VLISP (1973-1981)Since 1971, several LISP interpreters and compilers have been implemented at the University of Paris 8 - Vincennes. A new dialect of LISP, called VLISP (for Vincennes LISP), has been developped and formalized.
VLISP interpreters and compilers were designed to run on small machines and were extremely fast.
- LISP 510 Manual, Description and Use, June 1972, 23 pages
- LISP 510 Reference Manual, February 1973, 58 pages
- LISP T1600 provisional Reference Manual, February 1975, 58 pages
- Research Report on AI, Paris 8 University, 1974-1975, 1976, 65 pages
- VLISP 10, Reference Manual, RT 17-76, March 1976, 106 pages
- Introduction to programming in LISP 510, 1977, 130 pages
- Notes on VLISP 10.2, May 1977, 56 pages
- VLISP 80 implementation notes, August 1977, 36 pages
- VLISP Debug, June 1977, 10 pages
- VLISP - AID, July 1977, 8 pages
- Contribution à la définition interprétative et à l'implantation des Lambda-Langages, PhD dissertation, November 1977, 296 pages
- VLISP 8, a Lisp system for 8 bit microprocessor, July 1978, 31 pages
- VLISP 10.3, Reference Manual, August 1978, 224 pages
- Le Système VLISP 16, December 1978, 130 pages
- VLISP 8, the design of a LISP system on 8 bit micro-computers, 1979, 14 pages
- An Optimized VLISP Compiler, May 1979, 11 pages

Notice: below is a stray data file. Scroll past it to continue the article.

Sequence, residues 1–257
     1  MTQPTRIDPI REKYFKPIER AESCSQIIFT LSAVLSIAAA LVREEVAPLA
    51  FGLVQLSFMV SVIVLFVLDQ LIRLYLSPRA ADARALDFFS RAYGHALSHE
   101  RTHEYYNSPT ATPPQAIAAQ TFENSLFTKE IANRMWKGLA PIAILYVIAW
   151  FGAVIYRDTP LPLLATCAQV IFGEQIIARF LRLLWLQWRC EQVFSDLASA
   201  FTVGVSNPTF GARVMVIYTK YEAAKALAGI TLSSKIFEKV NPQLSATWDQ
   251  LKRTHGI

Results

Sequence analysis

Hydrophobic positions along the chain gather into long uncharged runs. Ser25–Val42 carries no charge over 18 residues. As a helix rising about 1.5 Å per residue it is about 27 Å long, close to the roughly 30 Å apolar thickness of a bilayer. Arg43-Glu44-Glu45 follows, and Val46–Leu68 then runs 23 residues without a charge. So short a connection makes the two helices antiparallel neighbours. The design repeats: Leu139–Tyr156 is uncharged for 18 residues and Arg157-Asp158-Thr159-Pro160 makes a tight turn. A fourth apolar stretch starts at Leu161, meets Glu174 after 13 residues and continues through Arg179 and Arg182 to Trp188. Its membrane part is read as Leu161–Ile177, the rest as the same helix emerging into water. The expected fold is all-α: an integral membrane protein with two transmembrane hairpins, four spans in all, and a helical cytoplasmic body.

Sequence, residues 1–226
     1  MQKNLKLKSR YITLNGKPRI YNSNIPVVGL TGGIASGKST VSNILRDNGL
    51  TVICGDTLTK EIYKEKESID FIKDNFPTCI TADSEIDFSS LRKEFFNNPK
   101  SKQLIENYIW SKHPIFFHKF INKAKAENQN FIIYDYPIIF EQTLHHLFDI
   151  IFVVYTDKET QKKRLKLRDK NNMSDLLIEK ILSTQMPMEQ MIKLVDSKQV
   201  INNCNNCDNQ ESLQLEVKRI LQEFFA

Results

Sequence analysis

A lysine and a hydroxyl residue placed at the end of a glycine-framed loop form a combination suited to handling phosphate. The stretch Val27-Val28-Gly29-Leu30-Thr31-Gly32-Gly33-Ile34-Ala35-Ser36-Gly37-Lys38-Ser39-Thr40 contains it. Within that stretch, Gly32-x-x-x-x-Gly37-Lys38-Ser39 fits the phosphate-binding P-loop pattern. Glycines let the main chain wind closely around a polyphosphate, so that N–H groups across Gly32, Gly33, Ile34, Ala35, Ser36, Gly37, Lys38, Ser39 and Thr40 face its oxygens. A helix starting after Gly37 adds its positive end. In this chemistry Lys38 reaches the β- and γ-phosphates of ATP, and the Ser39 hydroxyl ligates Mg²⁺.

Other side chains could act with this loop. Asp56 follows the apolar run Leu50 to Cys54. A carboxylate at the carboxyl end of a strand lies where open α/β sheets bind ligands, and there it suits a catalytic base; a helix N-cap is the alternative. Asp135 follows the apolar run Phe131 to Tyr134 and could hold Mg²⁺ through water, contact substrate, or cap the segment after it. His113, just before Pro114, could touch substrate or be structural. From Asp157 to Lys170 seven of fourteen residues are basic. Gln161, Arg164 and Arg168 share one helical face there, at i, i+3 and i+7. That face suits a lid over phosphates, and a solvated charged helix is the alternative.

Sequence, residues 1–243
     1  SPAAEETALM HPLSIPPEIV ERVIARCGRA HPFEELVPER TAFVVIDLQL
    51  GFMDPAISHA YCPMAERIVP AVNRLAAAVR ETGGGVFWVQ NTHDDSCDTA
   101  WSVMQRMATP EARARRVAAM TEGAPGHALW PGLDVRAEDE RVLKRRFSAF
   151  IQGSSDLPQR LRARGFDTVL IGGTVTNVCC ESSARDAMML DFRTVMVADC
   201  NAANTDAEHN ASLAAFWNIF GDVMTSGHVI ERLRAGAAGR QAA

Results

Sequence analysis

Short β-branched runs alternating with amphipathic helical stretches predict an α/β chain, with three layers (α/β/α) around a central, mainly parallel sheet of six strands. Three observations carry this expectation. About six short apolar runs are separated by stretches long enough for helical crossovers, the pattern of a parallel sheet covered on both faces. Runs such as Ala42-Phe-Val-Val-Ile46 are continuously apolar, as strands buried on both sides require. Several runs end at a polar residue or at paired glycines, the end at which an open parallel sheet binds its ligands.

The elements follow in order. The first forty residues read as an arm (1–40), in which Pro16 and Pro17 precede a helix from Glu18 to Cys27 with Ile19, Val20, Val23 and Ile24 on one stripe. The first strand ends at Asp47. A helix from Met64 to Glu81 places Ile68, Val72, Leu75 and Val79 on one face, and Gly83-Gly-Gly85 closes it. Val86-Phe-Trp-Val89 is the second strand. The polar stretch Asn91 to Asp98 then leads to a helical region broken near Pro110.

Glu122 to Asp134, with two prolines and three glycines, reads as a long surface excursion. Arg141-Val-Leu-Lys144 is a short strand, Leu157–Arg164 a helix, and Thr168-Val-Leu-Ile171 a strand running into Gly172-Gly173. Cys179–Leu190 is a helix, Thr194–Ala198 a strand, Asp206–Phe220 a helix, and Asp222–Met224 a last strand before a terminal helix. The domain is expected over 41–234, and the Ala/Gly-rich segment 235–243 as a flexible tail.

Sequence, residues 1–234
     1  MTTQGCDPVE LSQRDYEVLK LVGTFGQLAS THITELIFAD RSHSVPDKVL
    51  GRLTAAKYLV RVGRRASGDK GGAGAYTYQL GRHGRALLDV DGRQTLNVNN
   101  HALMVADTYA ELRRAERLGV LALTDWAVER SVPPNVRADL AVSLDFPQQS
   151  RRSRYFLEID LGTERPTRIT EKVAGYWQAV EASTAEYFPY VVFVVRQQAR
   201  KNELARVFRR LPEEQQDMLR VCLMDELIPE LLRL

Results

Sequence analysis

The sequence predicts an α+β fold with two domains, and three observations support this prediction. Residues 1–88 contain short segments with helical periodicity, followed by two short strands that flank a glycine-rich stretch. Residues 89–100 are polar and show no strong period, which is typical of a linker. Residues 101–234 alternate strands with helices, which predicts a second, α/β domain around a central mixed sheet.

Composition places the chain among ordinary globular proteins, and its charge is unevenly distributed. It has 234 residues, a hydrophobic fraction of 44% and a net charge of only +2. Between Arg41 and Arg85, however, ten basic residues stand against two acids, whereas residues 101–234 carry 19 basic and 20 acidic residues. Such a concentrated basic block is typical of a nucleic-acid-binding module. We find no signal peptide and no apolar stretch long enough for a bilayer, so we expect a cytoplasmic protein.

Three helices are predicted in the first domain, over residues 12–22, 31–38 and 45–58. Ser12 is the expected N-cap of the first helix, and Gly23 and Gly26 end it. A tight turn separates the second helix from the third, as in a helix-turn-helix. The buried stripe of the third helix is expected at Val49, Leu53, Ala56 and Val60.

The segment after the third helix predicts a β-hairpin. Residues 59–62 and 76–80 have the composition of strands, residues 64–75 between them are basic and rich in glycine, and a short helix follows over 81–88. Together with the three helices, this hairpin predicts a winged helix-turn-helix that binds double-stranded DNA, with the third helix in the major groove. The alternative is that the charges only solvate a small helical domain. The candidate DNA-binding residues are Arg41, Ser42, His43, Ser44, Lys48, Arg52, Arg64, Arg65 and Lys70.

- VLISP 8.2: Reference Manual, March 1980, 143 pages
- The VLISP Model: description, implementation and evaluation, April 21, 1980, 362 pages
- The VLISP Model: Description, Implementation and Evaluation, August 28, 1980, 40 pages
- Automatic Improvement, Comprehension, Acceleration of LISP programs, October 1980, 124 pages.
- The Vincennes LISP Machine, June 1981, 4 pages
Lisp History linksHere are some pointers related to the history of LISP:
- À tout seigneur, tout honneur! The History of LISP by its inventor John McCarthy.
- The History of LISP project from the Software Preservation Group, edited by Paul McJones. The goal of this project is to locate source code, design documents, and other materials concerning the original LISP I/1.5 system, and as many of its follow-ons as possible
- The famous "Evolution of Lisp" paper by Guy L. Steele Jr. and Richard P. Gabriel, full version, 108 pages (a shortened version was published at the HOPL 1993, Cambridge, Massachusetts, USA conference).
- A Lisp History produced by Prof. Dr. Herbert Stoyan from the Erlangen University, Germany.